Refugees and Asylum Seekers

Individuals who are fleeing persecution or have a well-founded fear of persecution in their home countries may seek asylum in the U.S. Refugees are individuals who are already outside the U.S. and are seeking resettlement. Asylum seekers apply for protection while inside the United States. Resettled refugees and those granted asylum are eligible to apply for a green card after one year.

Temporary Protected Status (TPS)

TPS is granted to individuals from countries facing certain temporary crises, such as armed conflict or natural disasters. It allows them to live and work in the U.S. temporarily. TPS is granted to a country for six, twelve, or eighteen months and can be extended beyond that if unsafe conditions in the country persist. TPS does not necessarily lead to LPR status or confer any other immigration status.

Green Cards

A green card, officially known as a Permanent Resident Card, grants foreign nationals the right to live and work in the United States indefinitely. It can be obtained through family sponsorship, employment, refugee/asylee status, and other special categories.


After holding a green card for a specific period (usually five years), eligible immigrants can apply for U.S. citizenship through a process known as naturalization. This involves passing a citizenship test and meeting other requirements.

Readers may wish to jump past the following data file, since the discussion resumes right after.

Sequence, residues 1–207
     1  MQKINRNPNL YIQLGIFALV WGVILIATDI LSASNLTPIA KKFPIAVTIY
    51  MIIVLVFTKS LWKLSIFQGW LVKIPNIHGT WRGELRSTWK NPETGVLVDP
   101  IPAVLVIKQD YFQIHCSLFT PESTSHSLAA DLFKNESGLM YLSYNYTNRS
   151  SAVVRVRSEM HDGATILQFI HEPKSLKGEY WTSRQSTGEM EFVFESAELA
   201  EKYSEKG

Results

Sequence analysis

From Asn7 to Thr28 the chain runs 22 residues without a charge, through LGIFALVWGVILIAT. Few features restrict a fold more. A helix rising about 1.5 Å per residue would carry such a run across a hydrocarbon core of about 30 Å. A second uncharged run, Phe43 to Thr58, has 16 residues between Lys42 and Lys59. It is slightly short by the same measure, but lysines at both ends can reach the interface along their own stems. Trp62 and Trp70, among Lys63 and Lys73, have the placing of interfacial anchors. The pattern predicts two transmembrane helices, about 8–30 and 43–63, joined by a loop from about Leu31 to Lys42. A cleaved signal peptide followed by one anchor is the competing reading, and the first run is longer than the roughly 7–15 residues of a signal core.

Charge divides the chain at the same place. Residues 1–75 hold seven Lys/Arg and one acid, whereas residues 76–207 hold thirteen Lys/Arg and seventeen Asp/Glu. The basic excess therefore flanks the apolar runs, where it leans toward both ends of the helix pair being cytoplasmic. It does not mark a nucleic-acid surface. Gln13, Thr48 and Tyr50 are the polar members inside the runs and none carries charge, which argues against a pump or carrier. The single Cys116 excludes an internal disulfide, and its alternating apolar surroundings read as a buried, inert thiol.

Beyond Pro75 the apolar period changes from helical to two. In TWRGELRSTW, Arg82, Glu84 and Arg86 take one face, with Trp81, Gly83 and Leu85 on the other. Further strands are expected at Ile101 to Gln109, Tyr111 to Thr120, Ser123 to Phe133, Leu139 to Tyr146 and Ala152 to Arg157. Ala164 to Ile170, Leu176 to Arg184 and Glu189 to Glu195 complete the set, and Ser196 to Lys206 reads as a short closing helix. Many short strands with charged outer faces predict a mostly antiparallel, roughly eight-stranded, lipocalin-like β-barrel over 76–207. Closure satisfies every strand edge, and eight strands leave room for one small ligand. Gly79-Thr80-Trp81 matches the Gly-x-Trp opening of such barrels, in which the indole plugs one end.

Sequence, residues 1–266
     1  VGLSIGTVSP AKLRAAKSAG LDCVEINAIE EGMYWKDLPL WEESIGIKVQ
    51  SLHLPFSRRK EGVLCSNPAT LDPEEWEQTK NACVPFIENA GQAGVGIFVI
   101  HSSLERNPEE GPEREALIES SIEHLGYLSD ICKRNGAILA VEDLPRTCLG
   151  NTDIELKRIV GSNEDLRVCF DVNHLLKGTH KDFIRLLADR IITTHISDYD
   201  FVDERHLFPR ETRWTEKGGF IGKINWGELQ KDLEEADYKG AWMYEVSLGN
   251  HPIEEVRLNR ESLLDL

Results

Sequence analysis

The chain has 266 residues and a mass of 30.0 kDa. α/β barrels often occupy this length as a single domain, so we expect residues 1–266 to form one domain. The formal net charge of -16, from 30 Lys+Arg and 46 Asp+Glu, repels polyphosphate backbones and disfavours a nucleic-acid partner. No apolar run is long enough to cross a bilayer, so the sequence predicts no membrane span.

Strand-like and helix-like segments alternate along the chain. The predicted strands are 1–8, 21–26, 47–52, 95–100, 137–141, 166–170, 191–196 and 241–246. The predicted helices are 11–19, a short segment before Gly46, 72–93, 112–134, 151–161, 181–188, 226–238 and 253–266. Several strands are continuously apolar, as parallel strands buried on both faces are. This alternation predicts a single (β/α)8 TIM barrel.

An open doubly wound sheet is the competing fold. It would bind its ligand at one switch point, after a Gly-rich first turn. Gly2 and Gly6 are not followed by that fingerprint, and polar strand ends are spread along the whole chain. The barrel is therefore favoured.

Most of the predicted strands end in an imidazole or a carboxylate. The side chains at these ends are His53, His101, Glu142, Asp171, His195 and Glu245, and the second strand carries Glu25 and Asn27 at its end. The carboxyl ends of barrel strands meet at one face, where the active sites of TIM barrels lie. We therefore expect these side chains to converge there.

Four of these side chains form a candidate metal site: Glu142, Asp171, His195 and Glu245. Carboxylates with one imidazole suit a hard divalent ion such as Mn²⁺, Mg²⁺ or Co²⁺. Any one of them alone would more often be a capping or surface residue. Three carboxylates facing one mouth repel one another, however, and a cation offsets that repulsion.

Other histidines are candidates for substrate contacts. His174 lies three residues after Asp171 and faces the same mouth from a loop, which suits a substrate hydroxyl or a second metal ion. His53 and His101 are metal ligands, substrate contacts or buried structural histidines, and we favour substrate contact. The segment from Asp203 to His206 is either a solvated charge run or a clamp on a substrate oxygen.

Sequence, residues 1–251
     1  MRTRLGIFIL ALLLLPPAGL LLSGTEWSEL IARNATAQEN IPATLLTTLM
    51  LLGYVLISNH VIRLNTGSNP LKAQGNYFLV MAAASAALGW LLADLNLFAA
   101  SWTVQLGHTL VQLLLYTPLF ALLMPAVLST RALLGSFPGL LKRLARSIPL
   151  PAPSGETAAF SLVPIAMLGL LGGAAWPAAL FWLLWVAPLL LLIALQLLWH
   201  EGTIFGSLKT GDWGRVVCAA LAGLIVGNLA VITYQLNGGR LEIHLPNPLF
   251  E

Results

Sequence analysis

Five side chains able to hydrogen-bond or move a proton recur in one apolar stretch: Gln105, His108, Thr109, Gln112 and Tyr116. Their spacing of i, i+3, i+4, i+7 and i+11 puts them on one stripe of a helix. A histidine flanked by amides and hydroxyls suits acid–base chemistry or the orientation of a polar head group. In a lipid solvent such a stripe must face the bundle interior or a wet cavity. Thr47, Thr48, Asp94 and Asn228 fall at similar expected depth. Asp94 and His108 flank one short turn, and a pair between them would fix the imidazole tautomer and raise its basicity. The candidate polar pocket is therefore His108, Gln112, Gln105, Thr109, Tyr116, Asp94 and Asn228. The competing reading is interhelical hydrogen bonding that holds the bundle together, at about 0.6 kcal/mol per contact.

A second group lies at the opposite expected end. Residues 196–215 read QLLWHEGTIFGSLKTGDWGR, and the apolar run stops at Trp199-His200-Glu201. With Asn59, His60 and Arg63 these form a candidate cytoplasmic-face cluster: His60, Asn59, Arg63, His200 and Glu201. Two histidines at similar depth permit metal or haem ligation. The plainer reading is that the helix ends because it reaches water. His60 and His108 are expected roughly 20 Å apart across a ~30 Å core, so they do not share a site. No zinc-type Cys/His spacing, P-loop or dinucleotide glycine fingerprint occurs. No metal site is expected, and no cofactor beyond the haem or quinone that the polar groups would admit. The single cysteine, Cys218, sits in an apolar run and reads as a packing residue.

Visa Waiver Program (VWP)

Citizens of certain countries can visit the U.S. for tourism or business purposes without obtaining a visa, under the Visa Waiver Program. They are allowed to stay for up to 90 days.

The U.S. immigration system is subject to change through legislation, executive orders, and administrative policies, so it's important to check with U.S. Citizenship and Immigration Services (USCIS) or consult an immigration attorney for the most up-to-date information and guidance if you're considering immigrating to the United States or seeking a visa.

We provide individuals, families, and employers with the legal representation they need tonavigate the process of a complex Immigration. For more information on how we can assist you,please visit our website at or email us at

Patricia Elizee is the managing partner of the Elizee Law Firm, an immigration law firm located at 1110 Brickell Avenue, Suite 315, Miami, Florida 33131. Phone 305-371-8846